A Mouthful of StarsA Constellation of Favorite Recipes from My World Travels

The author’s time in many lands and cooking in many kitchens has inspired this beautiful, unique, exotic, and delicious culinary journey.

Bestselling author of Trail of Crumbs and former food editor Kim Sunee offers up her first cookbook. A Mouthful of Stars: A Constellation of Favorite Recipes from My World Travels is a collection of Kim’s interpretation of cherished recipes and cooking discoveries from across the globe. From Tuscan crostini di fegatini and Louisiana dirty rice to the flavors of her birth country, South Korea, and favorites from the ten years she spent eating and cooking in Provence and Paris, you’ll find A Mouthful of Stars in the cookbook section. However, this book’s breadth also extends to travel and food writing. The author’s time in many lands and cooking in many kitchens has inspired this beautiful, unique, exotic, and delicious culinary journey.

Kim Sunee is the author of the national bestseller, Trail of Crumbs: Hunger, Love, and the Search for Home. Trail of Crumbs was both a Barnes & Noble Discover pick and a Book Sense Pick, and has been translated into Korean, Chinese, and Hebrew. She has been featured in the New York Times, Ladies’ Homes Journal, People, ELLE, and Glamour.


She ate and lived in Europe for ten years before working as a food editor for Southern Living magazine and Cottage Living magazine. Her writing has appeared in Food & Wine, The Oxford American, and Asian American Poetry and Writing. Sunee has appeared several times as a guest judge on the Food Network’s Iron Chef America and has collaborated on several cookbooks, including The Tuscan Sun Cookbook by Frances and Ed Mayes, and the Tupelo Honey Cafe by Elizabeth Sims and Chef Brian Sonoskus. She lives in Anchorage, Alaska.


“There is a big difference between traveling to escape and traveling to discover. A Mouthful of Stars is a book that shows the beauty of learning about yourself, the food you eat, the world around you, and the wonderful people at every stop. It’s a poignant voyage through the smart writings and wonderful recipes of Kim Sunee.”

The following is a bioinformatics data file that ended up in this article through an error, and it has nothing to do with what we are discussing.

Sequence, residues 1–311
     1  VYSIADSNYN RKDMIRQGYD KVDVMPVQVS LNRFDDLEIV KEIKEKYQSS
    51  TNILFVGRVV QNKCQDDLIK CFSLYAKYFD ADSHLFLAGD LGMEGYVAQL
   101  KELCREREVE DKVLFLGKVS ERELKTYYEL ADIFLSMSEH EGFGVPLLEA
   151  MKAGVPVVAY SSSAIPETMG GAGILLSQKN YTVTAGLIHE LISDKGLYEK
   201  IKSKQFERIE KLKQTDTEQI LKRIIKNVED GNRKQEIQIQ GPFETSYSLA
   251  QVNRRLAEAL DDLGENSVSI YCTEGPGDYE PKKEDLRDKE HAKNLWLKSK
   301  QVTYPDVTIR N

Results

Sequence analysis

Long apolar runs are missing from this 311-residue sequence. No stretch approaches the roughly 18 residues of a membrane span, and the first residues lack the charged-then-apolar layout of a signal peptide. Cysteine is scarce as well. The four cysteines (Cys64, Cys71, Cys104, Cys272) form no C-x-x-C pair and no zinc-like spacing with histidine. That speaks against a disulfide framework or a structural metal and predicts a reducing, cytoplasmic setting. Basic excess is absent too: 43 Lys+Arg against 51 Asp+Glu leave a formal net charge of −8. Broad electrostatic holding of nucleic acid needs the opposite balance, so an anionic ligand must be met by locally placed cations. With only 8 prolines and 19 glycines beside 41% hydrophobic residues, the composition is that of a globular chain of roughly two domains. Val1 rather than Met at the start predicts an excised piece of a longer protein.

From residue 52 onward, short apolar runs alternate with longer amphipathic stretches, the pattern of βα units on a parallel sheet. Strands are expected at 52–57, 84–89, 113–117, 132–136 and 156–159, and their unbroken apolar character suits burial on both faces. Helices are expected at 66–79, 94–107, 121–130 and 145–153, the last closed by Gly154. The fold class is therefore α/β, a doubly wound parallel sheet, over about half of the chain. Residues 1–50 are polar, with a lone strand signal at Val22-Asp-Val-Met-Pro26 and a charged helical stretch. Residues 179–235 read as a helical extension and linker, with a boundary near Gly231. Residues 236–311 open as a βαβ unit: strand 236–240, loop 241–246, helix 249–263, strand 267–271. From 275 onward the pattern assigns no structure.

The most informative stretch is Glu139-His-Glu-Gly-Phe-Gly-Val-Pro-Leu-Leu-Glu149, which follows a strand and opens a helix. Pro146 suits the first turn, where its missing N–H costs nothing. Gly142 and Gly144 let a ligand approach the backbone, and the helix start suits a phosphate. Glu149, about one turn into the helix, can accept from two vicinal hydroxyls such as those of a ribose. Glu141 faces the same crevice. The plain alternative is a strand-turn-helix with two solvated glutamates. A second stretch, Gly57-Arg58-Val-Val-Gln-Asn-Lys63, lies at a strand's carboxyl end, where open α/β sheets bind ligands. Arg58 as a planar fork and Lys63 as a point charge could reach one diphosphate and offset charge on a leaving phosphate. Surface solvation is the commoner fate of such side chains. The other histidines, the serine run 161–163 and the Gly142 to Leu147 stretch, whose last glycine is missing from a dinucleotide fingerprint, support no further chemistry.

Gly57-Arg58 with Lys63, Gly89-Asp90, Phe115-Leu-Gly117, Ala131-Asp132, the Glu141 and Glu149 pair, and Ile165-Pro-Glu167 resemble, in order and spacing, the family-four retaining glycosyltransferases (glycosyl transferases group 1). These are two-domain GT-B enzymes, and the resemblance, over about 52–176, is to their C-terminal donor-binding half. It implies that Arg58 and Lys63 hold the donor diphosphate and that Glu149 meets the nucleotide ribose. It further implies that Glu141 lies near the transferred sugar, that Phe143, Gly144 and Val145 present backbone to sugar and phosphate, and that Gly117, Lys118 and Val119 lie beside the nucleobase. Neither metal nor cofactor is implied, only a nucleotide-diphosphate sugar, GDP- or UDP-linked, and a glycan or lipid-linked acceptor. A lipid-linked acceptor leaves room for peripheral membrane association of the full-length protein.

— HUGH ACHESON, author of A New Turn in the South


“Kim Sunee’s food, life, and writing are the stuff of pure genius. When she cooks, I am hungry, craving not just her food but also the essence of her presence and the mindfulness with which she lives. She has taken recipes from near and far, and served them to us with doses of stylishness, honest ingredients, playful spices,and haunting flavors.”
— SUVIR SARAN, Top Chef Master and author of American Masala and Indian Home Cooking


A Mouthful of Stars will immediately draw you into Kim’s culinary journey through the stories she shares of cooks and how they connect with their food. Get ready to be transformed into her world of Flower and Ice, Down-and-Dirty Rice, Tipsy Melons, and more. A Mouthful of Stars is a tasty and thoughtful combination of Zen and gourmet.”
— SARA FOSTER, author of Sara Foster’s Southern Kitchen and The Foster’s Market Cookbook


“Kim Sunee is one of the most compelling memoirists writing today, and on top of that, she is a gifted cook. I want to follow her everywhere she goes, reflect on every thought in this moving story, and make a meal of A Mouthful of Stars. I loved being immersed in the context of each recipe, and was impressed by how effortlessly Kim can transport dishes from near, far, and wide to her own kitchen and into ours.”